When Government embarked on the historic land reform programme in 1999, the vision was to empower land hungry Zimbabweans for long dispossessed by settlers.
The primary objectives were to ensure food security at both household and national levels, and to use agriculture as a tool to turnaround the national economy by creating a bonafide, wealth-creating middle class.
Some 300 000 families directly benefited from the programme, compared to just 6 000 white farmers who previously occupied over 70 percent of the country’s arable land.
It, therefore, becomes a great betrayal to President Mugabe, the architect of this indigenisation and economic empowerment programme, when beneficiaries turn vast swathes of arable land into thickets and weekend braai venues
As such, High Court judge Justice Nicholas Mathonsi’s ruling last Wednesday that beneficiaries of the land reform programme who are underutilising land should have their offer letters withdrawn is a step in the right direction.
The message should be loud and clear: those given land should either shape up or ship out.
We cannot waste large tracts of land while we import food from our neighbours and depend on donors — especially from the West — to feed our people through NGOs.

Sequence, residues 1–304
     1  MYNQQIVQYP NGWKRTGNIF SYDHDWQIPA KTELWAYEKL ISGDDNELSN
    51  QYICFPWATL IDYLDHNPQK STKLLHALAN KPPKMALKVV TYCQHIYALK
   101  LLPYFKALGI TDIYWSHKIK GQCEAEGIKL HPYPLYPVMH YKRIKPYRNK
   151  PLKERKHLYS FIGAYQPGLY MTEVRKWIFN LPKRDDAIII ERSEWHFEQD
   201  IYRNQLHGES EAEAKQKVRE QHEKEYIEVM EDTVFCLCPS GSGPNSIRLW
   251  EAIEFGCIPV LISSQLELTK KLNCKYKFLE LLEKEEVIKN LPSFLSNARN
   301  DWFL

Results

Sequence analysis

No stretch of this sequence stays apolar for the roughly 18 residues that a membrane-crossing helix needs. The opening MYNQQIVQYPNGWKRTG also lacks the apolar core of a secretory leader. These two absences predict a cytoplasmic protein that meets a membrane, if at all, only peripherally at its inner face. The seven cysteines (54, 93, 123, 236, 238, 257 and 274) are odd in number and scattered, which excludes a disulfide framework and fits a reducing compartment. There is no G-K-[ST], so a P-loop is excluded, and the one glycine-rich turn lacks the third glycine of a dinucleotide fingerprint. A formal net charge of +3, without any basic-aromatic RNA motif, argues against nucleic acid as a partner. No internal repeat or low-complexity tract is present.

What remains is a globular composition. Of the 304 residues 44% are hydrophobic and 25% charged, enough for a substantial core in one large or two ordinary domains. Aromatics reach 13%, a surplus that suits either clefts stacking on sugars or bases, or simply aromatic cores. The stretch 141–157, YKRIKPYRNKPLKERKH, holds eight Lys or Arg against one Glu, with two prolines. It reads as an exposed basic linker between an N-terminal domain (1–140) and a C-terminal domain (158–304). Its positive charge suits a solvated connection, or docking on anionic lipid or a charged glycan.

In the same vein, there are several reasons why people under-use land, chief among them financing.
There is very little financing for agriculture and farmers struggle to get money from banks to fund their operations.
This is something Government, banks and farmers must urgently sit down and discuss so as to find a viable way forward.
There are also technical capacity issues when it comes to commercial farming and these must be addressed as well.
For as long as the fundamentals are not fixed, much land will remain under-utilised.
While those issues are being worked on, farmers should do the honest thing and admit their individual capacities. The country’s land area is not growing, but the population is.
This means farmers must be honest enough to cede those portions of land that they know they do not — and will not — have capacity to develop.
This will free up land for other would-be farmers and save Government much money in terms of conducting audits and assessments.
Farming is a business and must be approached as such.
Farmers must be prepared to invest in that which they have capacity to develop and draw a profit from, while Government must create an enabling environment for the business to grow in a sustainable manner.
Those who lack technical capacity must employ managers who know how to run such operations.
Beneficiaries have a duty to work the land and defend the revolution for which thousands of patriots died since the First Chimurenga War of 1896/7.